Microsoft has two new versions of Windows 10 on the way. Windows 10 S is a streamlined version of Windows that will only run software downloaded from the Windows Store in order to improve security, performance, and the software update process. Designed with the education market in mind, it will also be available for mainstream users, and Windows 10 S is the operating system that will ship on the upcoming Surface Laptop… although you can upgrade to Windows 10 Pro if you find the stripped down operating system too restrictive.

But you know what else isn’t particularly stripped down? The new version of Windows 10 designed to run on ARM-based processors.

First announced last year, Microsoft provided an update on Windows 10 ARM at the MS Build developer conference today. And the company confirmed that not only would Windows 10 ARM be able to run legacy apps developed for computers with x86 processors… but you’d be able to just download any old Win32 app from the internet, install it, and run it on a computer running Windows 10 ARM.

In other words, Windows 10 S runs on devices with ARM or x86 processors, but only supports Windows Store apps. Windows 10 ARM only runs on devices with ARM chips… but supports apps from pretty much any source.

Developers don’t need to convert their software in any way, because Windows 10 ARM includes a built-in emulation layer that allows Win32 apps to run on an ARM-powered system.

But Microsoft demonstrated how you could download a common program like 7zip from the internet and simply install it on a device with a Qualcomm Snapdragon 835 processor.

Of course, developers can also package software optimized for ARM as Universal Windows Platform apps for distribution in the Windows Store. But they don’t necessarily have to.

Qualcomm’s Snapdragon 835 chip is expected to be one of the first to support Windows 10 on ARM, and while it’s Qualcomm’s most powerful mobile processor to date, it’s still not exactly a speed demon by PC standards. Like any PC with a relatively slow processor, systems with ARM chips will probably be unable to compete with the machines featuring the latest high-end Intel or AMD processors when it comes to gaming or other complex tasks like video rendering.

But devices with this sort of chip get many of the benefits of ARM-based processors including relatively low power consumption and integrated wireless connectivity features. That could made ARM-based systems a good choice for hybrid devices like 2-in-1 tablets… or maybe even 2-in-1 smartphones that also offer PC-like functionality when docked to a mouse, keyboard, and display.




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12 replies on “Windows 10 ARM is less locked down than Windows 10 S (supports non-Store Win32 apps)”

  1. Keep in mind that this is just a very expensive prototype. The beefy hardware to support it and the software itself may never see the light of day.

  2. Miss-leading article and headline, this is not some special Arm only build of Windows 10 it is Win10 Pro for Arm PC’s, there is nothing stopping MS from providing a Win10 S version for Arm systems too.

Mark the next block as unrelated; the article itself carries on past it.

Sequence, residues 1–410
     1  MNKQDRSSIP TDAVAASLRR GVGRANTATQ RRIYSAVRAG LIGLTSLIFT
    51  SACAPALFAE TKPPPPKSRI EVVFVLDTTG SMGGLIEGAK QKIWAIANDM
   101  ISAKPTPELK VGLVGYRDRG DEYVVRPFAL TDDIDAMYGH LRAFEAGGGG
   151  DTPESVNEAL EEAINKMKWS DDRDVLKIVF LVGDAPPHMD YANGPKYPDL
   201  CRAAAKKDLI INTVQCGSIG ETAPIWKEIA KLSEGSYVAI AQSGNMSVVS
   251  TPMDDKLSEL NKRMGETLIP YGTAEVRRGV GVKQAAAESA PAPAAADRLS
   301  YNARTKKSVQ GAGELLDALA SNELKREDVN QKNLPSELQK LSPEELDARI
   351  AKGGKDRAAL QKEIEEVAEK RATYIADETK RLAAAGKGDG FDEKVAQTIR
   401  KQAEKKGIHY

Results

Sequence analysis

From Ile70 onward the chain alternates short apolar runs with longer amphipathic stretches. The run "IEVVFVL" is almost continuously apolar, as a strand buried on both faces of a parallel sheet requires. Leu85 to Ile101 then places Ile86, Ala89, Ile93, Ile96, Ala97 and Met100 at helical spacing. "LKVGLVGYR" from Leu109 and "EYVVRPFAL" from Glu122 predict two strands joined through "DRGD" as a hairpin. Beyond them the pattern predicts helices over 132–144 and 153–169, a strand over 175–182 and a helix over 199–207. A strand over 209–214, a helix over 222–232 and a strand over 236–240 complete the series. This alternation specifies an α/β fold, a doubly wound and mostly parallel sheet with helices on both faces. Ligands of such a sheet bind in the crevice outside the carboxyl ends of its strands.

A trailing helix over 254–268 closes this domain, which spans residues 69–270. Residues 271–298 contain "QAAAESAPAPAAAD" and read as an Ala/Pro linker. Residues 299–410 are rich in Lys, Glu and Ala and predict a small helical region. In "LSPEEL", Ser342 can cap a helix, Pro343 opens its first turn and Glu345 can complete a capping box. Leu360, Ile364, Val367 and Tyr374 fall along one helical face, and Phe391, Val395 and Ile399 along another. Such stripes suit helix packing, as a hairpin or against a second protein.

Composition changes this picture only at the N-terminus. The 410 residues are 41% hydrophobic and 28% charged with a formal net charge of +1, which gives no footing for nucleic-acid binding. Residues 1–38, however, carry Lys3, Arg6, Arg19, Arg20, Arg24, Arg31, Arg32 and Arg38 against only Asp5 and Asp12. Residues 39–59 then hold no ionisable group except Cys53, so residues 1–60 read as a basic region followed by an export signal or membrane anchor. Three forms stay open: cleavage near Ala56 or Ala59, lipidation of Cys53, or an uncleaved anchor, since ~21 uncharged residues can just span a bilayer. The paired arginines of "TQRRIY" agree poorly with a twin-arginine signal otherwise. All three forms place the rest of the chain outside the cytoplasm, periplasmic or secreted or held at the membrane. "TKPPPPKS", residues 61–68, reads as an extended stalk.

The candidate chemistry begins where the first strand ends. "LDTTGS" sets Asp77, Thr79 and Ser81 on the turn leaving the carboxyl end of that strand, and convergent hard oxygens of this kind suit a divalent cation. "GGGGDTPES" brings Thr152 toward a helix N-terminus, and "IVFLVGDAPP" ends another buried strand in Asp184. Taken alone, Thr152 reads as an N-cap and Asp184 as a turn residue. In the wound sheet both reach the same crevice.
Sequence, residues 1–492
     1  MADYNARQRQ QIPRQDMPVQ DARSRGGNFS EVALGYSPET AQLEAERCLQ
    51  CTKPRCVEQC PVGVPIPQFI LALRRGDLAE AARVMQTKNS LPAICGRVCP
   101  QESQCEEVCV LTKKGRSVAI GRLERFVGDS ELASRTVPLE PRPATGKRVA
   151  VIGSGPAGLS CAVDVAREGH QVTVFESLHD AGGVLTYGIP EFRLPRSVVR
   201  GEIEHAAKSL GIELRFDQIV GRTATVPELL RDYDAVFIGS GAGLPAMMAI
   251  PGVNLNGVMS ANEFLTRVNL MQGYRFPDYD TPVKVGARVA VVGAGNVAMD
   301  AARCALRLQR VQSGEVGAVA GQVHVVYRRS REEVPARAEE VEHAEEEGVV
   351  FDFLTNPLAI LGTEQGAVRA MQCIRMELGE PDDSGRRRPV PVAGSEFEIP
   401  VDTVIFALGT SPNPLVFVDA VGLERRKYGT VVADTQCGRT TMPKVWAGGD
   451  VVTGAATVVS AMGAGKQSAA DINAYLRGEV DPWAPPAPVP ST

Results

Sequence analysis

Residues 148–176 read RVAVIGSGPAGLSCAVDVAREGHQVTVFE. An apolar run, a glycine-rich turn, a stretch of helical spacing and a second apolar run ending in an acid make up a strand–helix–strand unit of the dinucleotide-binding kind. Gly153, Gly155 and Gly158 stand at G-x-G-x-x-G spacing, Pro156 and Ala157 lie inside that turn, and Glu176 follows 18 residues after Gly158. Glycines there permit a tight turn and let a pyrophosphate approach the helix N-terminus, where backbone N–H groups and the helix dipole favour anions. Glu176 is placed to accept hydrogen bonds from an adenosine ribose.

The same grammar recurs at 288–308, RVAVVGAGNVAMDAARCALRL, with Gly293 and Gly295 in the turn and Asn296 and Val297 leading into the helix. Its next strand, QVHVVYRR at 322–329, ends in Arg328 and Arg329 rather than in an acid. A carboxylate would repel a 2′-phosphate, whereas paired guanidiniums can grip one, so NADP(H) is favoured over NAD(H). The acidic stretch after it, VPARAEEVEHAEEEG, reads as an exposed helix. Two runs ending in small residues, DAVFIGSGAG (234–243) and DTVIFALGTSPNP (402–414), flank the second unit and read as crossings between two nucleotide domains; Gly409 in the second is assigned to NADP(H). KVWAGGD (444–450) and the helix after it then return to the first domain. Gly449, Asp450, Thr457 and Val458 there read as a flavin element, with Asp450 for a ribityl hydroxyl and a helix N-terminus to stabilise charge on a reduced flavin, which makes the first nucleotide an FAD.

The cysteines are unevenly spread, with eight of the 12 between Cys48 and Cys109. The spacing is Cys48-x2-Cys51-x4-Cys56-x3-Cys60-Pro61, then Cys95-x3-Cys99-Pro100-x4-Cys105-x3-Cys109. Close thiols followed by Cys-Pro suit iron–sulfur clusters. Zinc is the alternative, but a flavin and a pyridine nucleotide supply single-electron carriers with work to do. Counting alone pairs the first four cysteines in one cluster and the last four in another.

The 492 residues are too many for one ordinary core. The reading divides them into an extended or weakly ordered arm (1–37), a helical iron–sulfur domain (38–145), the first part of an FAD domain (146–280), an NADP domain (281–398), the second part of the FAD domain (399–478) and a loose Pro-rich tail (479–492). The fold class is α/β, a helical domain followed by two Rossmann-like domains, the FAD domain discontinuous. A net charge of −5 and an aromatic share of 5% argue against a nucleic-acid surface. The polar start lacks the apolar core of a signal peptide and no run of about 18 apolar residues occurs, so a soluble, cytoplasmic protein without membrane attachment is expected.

If you actually bother to watch the video you see the Microsoft engineers state this is regular Win10 Pro with all the same USB drivers that Win10 has.

  3. Or maybe it’s time to slap a low-power ARM core next to some x86 ones and let the OS run on the power-efficient ARM core while apps can use the x86 cores. Low idle power and still decent performance.

  4. Guys…I’m new to the whole “ARM” thing. I’ve got an ASUS Tinker Board on the way…is it possible that Windows 10 “S” could eventually run on it? That would be spectacular.

    1. There are two options. Some master from XDA-devs or somewhere else could port Windows 10 on it OR it’s get support from Microsoft. Both possible, but both unlikely.

    2. Nope. At the moment if you buy an ARM board expecting Windows support you are in for a bad time. It’s linux all the way.

      The Tinkerboard while beefy uses a 32 bit ARM processor, Windows 10 ARM requires 64bit. How can you tell? 32bit is ARM v7 while 64bit is v8, e.g. cortex A53, A57, A72, A73

      1. Another problem with ARM is that even if you have a 64 bit ARM board that technically means the system requirements for Windows, it still probably won’t work because OS’s need special specific drivers for every ARM chipset and hardware. That’s because ARM doesn’t have very good legacy compatibility and universal drivers. It’s different with x86 though since the architecture is designed for legacy support and compatibility which is why it doesn’t matter whether your x86 board has a CPU manufactured by Intel, AMD, or VIA. Windows, Linux, even OS X (hackintosh) will run universally on all x86 hardware for the most part. But with ARM, you’ll need special builds for specific sets of hardware.

    3. I wonder if there will be an ARM version of UEFI, making it hard to change operating systems on Microsoft approved hardware. All in the name of security of course. /s

  5. I hope this ARM version does well this time. I really like the idea of full Windows in a very portable device (ie. UMPC) with always on and connected features (Atom plus WWAN chips don’t cut it).

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